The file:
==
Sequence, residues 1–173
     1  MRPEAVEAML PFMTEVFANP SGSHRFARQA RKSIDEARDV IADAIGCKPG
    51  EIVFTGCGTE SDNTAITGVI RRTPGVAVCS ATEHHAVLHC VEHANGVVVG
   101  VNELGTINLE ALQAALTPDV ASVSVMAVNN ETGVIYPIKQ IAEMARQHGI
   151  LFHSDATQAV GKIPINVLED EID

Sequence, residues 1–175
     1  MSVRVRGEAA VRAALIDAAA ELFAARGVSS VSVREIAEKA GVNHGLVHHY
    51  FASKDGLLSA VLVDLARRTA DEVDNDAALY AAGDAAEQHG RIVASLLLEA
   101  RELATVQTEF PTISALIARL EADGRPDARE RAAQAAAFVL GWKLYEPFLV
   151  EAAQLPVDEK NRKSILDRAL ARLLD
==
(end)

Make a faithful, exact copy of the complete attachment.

Sequence, residues 1–173
     1  MRPEAVEAML PFMTEVFANP SGSHRFARQA RKSIDEARDV IADAIGCKPG
    51  EIVFTGCGTE SDNTAITGVI RRTPGVAVCS ATEHHAVLHC VEHANGVVVG
   101  VNELGTINLE ALQAALTPDV ASVSVMAVNN ETGVIYPIKQ IAEMARQHGI
   151  LFHSDATQAV GKIPINVLED EID

Sequence, residues 1–175
     1  MSVRVRGEAA VRAALIDAAA ELFAARGVSS VSVREIAEKA GVNHGLVHHY
    51  FASKDGLLSA VLVDLARRTA DEVDNDAALY AAGDAAEQHG RIVASLLLEA
   101  RELATVQTEF PTISALIARL EADGRPDARE RAAQAAAFVL GWKLYEPFLV
   151  EAAQLPVDEK NRKSILDRAL ARLLD